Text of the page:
New to the commercial real estate world? You’re in the right place. Let’s cover some of the most basic CRE lease terminology, what each CRE term means and how the right CRE software makes learning them easier than ever.
The amount the tenant must pay at a minimum for their space, before any operating expenses or additions. Keeping track of base rent for all tenants is important with eyes on profit margins.
Inflation and rising rental rates are part of the industry, but landlords can account for this by requiring base rent escalations periodically. There are unique provisions to the different types of escalations, which include amount, percent and indexes.
An addendum to a lease. Examples include sublease clauses (tenant leases unused space to another tenant), exclusive right (gives rights to tenant to be sole business in the property selling a certain product or service) and rent escalation (explains how much a rent will increase). CRE pros should be aware of all lease clauses and can track them with the right CRE software.
There are terms that define the structure of the lease itself and can be dependent on several factors, such as the type of business, how many tenants you have and the property type. Examples include triple net (NNN; tenant pays base rent with three nets), full-service gross (FSG, landlord incurs all expenses) and modified gross (tenant pays base rent with some of the operating expenses).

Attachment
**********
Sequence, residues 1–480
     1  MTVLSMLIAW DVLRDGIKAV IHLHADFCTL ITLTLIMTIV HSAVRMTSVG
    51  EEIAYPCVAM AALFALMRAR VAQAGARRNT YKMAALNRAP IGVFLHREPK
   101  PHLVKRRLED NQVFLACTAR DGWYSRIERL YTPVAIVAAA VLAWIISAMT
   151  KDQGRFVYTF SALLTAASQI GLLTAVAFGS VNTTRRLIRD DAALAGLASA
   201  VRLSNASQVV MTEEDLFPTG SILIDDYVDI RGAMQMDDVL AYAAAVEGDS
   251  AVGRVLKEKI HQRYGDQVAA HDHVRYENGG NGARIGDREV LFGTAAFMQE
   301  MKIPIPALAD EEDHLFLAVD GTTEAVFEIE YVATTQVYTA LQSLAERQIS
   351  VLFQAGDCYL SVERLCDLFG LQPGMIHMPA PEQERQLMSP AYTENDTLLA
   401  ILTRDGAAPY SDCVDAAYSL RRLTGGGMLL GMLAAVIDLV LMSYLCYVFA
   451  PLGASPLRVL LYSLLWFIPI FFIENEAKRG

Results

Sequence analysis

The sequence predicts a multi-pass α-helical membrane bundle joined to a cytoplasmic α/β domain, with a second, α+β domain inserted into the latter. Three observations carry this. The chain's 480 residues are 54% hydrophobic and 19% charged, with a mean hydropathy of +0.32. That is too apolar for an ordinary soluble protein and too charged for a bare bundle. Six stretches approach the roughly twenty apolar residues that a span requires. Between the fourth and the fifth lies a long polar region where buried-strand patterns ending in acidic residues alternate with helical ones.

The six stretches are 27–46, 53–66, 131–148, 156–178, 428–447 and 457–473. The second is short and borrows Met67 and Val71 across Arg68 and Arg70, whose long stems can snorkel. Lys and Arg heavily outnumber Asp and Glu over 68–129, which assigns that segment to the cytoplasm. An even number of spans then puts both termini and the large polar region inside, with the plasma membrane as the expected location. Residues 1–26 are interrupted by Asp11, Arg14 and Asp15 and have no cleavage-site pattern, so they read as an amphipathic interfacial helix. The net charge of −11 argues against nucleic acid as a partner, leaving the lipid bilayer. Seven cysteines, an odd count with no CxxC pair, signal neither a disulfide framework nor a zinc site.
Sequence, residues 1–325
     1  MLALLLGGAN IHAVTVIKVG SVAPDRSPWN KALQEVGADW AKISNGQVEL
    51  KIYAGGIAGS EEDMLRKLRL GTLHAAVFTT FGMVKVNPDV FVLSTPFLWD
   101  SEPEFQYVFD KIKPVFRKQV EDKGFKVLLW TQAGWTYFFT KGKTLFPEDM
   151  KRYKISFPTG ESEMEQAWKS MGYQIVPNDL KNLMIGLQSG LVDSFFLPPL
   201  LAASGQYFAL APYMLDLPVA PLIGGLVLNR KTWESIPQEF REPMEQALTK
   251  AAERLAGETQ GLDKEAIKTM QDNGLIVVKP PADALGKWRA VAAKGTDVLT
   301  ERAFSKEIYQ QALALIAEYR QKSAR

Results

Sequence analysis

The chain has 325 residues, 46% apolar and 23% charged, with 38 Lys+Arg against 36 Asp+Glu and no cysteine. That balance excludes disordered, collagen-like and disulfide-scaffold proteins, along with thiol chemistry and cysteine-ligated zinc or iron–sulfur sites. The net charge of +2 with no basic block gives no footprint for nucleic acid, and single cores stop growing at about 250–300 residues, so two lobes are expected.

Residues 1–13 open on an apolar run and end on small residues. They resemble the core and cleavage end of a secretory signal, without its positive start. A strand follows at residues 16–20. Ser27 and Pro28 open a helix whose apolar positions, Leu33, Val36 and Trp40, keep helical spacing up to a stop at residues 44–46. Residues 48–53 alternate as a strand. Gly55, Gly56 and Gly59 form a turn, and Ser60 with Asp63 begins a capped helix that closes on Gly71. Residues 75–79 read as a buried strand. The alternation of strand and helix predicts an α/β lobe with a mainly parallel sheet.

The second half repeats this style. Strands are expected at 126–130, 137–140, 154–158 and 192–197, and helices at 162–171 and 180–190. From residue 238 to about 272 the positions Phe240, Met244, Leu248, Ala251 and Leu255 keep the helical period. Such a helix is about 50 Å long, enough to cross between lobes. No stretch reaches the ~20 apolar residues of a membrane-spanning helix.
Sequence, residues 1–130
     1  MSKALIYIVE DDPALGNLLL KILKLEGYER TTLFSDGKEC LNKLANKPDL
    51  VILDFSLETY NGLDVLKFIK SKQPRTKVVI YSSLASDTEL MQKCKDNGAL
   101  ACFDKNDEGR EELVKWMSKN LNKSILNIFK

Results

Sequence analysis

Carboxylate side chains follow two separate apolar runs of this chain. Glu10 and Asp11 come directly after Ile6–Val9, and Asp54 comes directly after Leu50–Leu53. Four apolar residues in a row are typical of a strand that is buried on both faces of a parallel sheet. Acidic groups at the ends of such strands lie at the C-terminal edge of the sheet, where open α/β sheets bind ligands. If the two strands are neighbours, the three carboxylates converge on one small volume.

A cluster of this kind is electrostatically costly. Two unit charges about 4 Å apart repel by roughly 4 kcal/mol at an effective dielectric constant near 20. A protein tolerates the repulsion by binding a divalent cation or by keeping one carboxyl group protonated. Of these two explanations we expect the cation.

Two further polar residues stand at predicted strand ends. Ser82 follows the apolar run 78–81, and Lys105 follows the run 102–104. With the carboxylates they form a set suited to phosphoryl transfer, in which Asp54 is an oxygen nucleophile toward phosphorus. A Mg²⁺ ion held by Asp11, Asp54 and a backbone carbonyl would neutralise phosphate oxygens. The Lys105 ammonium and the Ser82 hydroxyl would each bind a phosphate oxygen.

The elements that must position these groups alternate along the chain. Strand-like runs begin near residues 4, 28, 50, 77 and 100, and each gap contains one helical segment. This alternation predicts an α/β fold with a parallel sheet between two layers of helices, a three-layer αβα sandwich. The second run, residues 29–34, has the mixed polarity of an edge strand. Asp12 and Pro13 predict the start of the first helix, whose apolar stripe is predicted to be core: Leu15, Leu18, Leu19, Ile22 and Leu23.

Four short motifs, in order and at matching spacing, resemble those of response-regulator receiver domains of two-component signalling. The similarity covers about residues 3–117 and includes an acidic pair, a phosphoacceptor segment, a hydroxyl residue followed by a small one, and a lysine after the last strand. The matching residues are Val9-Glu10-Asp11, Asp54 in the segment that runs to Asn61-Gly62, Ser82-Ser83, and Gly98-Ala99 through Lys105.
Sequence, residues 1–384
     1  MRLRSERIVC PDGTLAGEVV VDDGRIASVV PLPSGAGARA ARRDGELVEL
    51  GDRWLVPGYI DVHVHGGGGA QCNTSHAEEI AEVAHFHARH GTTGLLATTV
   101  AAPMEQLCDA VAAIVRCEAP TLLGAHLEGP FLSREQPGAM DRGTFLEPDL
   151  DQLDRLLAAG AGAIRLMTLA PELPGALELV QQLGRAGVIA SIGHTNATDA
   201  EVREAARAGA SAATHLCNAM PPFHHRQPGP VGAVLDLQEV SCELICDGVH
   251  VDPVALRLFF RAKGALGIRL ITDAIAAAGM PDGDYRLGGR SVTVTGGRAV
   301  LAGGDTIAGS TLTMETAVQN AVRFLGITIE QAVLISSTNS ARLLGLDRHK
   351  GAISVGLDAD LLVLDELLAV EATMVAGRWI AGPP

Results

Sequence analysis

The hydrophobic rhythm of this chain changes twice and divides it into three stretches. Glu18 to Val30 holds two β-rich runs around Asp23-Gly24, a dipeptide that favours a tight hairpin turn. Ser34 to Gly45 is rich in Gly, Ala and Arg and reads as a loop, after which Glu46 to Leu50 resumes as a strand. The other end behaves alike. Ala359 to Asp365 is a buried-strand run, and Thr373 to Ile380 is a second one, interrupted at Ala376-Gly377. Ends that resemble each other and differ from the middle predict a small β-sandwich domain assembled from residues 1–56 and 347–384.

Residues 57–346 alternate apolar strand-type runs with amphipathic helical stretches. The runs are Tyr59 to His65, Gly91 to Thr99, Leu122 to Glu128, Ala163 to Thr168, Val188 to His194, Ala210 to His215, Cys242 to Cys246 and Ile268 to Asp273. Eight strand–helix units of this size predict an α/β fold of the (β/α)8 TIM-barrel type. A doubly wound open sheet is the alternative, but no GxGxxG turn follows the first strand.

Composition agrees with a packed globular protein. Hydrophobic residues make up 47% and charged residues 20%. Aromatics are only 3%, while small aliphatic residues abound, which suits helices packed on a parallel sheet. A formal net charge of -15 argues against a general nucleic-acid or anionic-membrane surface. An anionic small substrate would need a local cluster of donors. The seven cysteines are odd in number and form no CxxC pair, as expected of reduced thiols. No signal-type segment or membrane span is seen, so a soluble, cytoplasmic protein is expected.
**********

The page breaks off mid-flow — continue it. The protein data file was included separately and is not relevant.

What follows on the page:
The length of the lease, which can be short term or long term. Make sure you’re aware of FASB regulations and how lease terms have changed recently. CRE lease management software is a great way to keep track of lease terms and stay updated.
The cost for owning and operating a building. This is often passed on to the tenant, but not always. It depends on the lease structure, as mentioned above. Expense stops are another area of operating expenses that’s important to consider.
Vanilla shell (aka warm shell), cold dark shell and second generation are all types of commercial real estate delivery conditions. Basically, commercial spaces can be delivered in a variety of conditions. Some are ready to move in, others are needing an investment into repairs and/or remodels. These all impact cost and the return on your investment.
Most know this term, but there’s a difference between rentable square feet and usable square feet. Usable square feet is how much space the tenant will actually use to conduct business, as opposed to rentable square feet, which includes things like common areas and other factors.
If you’re interested in seeing how Quarem can help with organizing, reporting on and evaluating your leases, request a demo today.